What's the Big Idea?
Before neuroscience and quantum physics, there was Georg Wilhelm Friedrich Hegel. The 19th century German idealist revolutionized Western thought, and every great thinker since has been working in his shadow, says Slavoj Žižek, the Slovenian philosopher and cultural critic.
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Often seen as a precursor to Marxists and existentialists, Hegel believed that knowledge is not static, but dynamic. In the Hegelian framework, history is a process in which many paradoxes interact and are then synthesized into a unified whole. Reality is mind, and the universe is spirit objectified. It's one analysis of existence and being.
But what does it mean in a world where cognitive scientists can see brain function on an fMRI scan, capture the visual data, and reassemble it into videos using quantitative modeling? Now that physicists have the god-like power to accelerate tiny particles of matter and throw them at each other just to see what happens, is metaphysical philosophy dead?
What's the Significance?
Reductionists like Stephen Hawking may give the impression that contemporary science is uniquely capable of answering the big questions, like Does the world have an end? or Where does thought come from? but that's not the case, says Žižek. Our deep empirical understanding of the material world hasn't displaced the study of philosophy. It's made it more relevant.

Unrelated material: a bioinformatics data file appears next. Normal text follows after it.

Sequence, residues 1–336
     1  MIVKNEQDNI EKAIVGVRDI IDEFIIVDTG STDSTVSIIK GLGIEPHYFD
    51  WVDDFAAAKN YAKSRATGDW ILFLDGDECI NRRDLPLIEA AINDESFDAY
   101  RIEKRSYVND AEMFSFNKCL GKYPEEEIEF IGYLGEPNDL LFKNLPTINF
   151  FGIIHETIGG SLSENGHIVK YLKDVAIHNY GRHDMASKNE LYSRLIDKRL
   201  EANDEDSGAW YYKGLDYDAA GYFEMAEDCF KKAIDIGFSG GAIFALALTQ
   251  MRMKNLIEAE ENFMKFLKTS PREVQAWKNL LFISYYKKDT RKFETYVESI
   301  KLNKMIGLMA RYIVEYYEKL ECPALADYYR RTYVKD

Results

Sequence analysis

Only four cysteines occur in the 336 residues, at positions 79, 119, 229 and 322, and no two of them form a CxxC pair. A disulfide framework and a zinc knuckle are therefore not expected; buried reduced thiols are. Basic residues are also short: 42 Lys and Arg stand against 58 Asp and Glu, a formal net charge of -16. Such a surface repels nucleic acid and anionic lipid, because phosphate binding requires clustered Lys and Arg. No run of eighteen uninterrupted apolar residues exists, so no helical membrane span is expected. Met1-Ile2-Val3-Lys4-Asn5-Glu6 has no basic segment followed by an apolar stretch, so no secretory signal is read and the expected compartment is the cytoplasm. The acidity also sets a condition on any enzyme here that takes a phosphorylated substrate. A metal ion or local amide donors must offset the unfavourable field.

Which is why he's calling for the rehabilitation of classical philosophy: for contemporary philosophers to engage with the work of scientists and vice versa. "What is happening, for example, in quantum physics, in the last 100 of years, these things which are so daring, incredible, that we cannot include into our conscious view of reality -- Hegel's philosophy, with all it’s dialectical paradoxes, can be of some help."
What does philosophy teach us that empirical science does not? The things we know without knowing it, says Žižek, the silent presuppositions that constantly shape and inform our perception. It's important to be able to observe our surroundings and act on them, but we also need to understand what we're seeing and why we're seeing it. "The danger today is precisely a kind of a bland, pragmatic activism. You know, like when people tell you, oh my God, children in Africa are starving and you have time for your stupid philosophical debates. Let’s do something. I always hear in this call there are people starving. I always discern in this a more ominous injunction. Do it and don't think too much. Today, we need thinking."
Video edited and produced by Jonathan Fowler and Elizabeth Rodd. Interview conducted by Megan Erickson. Image courtesy of Shutterstock.